From Google to Poet in the City: London’s Knowledge Quarter to lead the UK's knowledge economy
The Knowledge Quarter in King’s Cross is the newest buzz in London. The project started two years ago and was officially launched in December 2014. It is a partnership of over 35 knowledge-based institutions within a three-mile radius of King’s Cross, who are united by the shared purpose of creating and disseminating knowledge.
The Knowledge Quarter’s mission is to promote the area around King’s Cross as one of the greatest concentration of knowledge institutions anywhere in the world, raising awareness of their outstanding facilities, expertise and cooperation. To find out more check the newly launched Knowledge Quarter website and Twitter feed @KQ_London. Fran Taylor, Marketing Manager at the British Library, has also written a blog post London's Knowledge Quarter: Five things you need to know.
With the British Library as the Chair, the Knowledge Quarter includes an array of organisations such as the Art Fund, the British Medical Association, the Guardian newspaper, the University of the Arts London, Google London, Poet in the City, University College London, the Royal College of Physicians, the Francis Crick Institute and many more.
At the official launch by George Osborne the Chancellor of the Exchequer it was also announced the new Alan Turing Institute will be housed at the British Library. This will help to ensure that Britain leads the way in big data, algorithm research and to recognise the contribution of Alan Turing to mathematics, computing and wartime code-breaking.
That week also saw the launch of the British Library’s Living Knowledge Strategy to 2023, which will bring all elements of this to life.
What is striking about all of this to me, is that King’s Cross has seen a phenomenal regeneration in recent years. It is quite a turn-around considering the previous gradual decline from its grandeur as a transport and commuter hub in the late 1880’s, to a run-down ‘red light’ district a hundred years later.
One tweet heralded the announcement of the Knowledge Quarter with: What was once the “wrong side of the Euston Road” is now the Knowledge Quarter
Coincidently, a couple of years ago I went on an official guided walk around the King’s Cross area, given by Rachel Kolsky of GotoLondonTours. And even though I thought I know the area fairly well, I was still impressed with the history, regeneration and investment in the area.
It was on this walking tour with fellow information professionals, that I first heard about Google’s UK Headquarters moving to King’s Cross. I remember looking at the vista from the temporary viewing platform - I could see buildings housing the Guardian, The University of Arts, the Crick Institute, the amazingly rebuilt St Pancras Station, and of course my workplace the British Library. There are too many planned developments to share here, but I have written a blog post all-change-at-kings-cross which serves as a nice memoir. It also acts as a guide for those of you who haven’t visited as yet even for a leisurely stroll or to dine out in the area’s many eateries.
Business clusters and cultural hubs like the Knowledge Quarter can be a good way to give organisations with a common vision, opportunities to collaborate, connect and co-locate. Some other examples of ‘quarters’ are the Cambridge Science Parks, the ‘City of London’ Financial district, the Jewellery Quarter in Hatton Garden, the Inns of Court in Chancery Lane and Holborn, print and publishing in Clerkenwell and the Southbank for cultural activities. Tech City hub, also known as Silicon Roundabout in Shoreditch has been well documented. And in the north of the country is Liverpool Knowledge Quarter. London Council’s report on business clusters attributes this clustering to the “critical mass in skills, services, knowledge and institutions which can underpin economic competitiveness and advantage”.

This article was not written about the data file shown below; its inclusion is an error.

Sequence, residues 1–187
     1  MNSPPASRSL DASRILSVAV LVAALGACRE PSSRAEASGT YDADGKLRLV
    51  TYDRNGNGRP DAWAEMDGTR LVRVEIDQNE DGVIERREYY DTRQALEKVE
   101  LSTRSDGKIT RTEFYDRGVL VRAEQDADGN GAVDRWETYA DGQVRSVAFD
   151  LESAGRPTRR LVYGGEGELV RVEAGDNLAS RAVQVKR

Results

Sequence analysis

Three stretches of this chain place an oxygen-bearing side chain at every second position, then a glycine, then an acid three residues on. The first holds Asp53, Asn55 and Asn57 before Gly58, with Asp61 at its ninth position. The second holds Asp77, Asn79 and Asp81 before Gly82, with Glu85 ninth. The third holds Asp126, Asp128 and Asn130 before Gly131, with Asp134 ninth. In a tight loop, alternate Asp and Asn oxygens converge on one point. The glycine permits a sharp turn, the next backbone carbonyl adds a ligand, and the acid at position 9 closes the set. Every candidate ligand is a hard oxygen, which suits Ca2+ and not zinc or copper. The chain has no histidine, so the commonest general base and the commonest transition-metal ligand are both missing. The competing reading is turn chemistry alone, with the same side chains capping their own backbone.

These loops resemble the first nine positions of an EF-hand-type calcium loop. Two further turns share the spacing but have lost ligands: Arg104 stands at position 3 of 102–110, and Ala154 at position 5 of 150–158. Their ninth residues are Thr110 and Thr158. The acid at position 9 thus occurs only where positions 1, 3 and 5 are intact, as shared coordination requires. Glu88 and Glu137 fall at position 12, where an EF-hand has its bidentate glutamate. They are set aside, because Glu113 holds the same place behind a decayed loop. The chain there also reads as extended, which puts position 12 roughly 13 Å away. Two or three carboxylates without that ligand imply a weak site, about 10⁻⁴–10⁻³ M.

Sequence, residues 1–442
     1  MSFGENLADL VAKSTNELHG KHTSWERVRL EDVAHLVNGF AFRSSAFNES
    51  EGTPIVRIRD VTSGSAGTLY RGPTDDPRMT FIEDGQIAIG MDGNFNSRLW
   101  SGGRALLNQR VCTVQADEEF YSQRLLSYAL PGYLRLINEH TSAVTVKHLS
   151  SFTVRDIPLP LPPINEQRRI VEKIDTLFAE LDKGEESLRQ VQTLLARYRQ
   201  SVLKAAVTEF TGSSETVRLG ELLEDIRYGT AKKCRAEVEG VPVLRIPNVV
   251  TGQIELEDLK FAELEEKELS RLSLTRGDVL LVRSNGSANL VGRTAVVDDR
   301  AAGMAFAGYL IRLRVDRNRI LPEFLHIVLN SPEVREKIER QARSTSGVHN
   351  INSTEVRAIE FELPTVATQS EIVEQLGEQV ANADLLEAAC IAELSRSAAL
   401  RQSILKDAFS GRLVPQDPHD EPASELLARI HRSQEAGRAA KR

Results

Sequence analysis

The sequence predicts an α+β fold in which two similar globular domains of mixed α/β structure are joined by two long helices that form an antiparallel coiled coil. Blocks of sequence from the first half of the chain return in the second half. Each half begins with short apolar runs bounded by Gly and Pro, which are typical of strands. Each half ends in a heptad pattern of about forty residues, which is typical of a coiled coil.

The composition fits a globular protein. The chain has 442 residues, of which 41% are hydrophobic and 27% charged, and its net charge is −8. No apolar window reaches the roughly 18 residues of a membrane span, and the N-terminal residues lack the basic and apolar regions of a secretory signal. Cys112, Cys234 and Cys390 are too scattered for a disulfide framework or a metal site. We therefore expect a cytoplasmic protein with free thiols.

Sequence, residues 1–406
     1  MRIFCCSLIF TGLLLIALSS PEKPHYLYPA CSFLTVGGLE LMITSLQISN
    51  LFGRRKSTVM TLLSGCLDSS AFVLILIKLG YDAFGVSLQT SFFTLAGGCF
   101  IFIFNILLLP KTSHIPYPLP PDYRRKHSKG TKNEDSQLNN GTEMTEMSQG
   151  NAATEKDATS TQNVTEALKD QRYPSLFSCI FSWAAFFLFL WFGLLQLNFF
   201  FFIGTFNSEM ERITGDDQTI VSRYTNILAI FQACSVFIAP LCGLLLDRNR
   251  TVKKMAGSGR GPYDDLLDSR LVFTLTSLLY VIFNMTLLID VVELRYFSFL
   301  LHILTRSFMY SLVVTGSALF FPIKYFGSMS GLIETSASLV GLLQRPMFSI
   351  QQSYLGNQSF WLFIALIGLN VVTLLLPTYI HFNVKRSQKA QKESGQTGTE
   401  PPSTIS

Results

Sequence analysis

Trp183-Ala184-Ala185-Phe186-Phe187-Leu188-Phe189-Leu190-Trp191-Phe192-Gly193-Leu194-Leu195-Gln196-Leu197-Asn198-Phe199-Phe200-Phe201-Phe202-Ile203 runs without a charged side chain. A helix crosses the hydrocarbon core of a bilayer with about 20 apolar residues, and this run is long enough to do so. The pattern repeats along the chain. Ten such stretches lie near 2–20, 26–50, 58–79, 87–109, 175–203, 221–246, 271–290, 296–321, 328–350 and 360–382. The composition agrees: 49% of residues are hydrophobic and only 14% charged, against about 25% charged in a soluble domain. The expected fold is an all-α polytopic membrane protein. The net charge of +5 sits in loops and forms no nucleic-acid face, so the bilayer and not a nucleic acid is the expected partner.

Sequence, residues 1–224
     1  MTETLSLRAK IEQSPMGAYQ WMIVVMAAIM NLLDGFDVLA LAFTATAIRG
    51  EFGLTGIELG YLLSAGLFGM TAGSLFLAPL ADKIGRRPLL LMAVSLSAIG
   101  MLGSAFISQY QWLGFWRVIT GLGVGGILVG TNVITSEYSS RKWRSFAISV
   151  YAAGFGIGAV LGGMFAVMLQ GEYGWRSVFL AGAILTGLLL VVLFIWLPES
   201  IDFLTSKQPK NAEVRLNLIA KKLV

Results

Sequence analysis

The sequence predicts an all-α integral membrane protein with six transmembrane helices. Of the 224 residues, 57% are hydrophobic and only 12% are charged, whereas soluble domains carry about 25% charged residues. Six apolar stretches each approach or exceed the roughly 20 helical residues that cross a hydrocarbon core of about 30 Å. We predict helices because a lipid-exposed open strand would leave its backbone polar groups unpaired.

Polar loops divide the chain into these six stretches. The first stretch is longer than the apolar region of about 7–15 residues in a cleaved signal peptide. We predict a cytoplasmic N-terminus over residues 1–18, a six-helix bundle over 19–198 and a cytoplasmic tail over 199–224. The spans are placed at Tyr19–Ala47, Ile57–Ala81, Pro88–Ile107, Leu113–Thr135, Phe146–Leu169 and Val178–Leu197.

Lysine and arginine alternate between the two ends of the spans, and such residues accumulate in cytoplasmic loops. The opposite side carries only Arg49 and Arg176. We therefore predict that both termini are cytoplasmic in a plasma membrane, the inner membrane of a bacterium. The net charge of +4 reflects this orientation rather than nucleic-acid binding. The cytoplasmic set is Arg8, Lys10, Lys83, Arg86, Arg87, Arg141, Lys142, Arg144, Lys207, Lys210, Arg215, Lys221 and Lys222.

In an internal British Library presentation, I was pleased to hear that another objective of the King’s Cross Knowledge Quarter project is to increase local community engagement. Other targets are to develop further local schools engagement, apprenticeship, internships and training with organisations, such as with digital skills. We also heard that by 2020, up to 50,000 people will be studying, and working in Kings Cross, and that the population of 225,100 is expected to increase by 2023 to just under a quarter of a million.
Without a doubt, one of the main objectives of the Knowledge Quarter is to increase economic growth and development in the area, but also to reach out beyond London and the United Kingdom. In our digital connected world, it is a lot easier for organisations to be collaborate, connect and innovate across national boundaries. So to say that the Knowledge Quarter’s ambition is global is not an understatement.
Here in the Business & IP Centre we have been doing our bit over the years to help companies start and grow into international businesses. And we have been using internet technologies to deliver webinars and our Inspiring Entrepreneurs events to an international audience. This month we have a host of events on ‘The Web in Feb’ and we have a London Business Information Guide to assist you to find information about setting up or doing business in the capital.
Seema Rampersad on behalf of the Business & IP Centre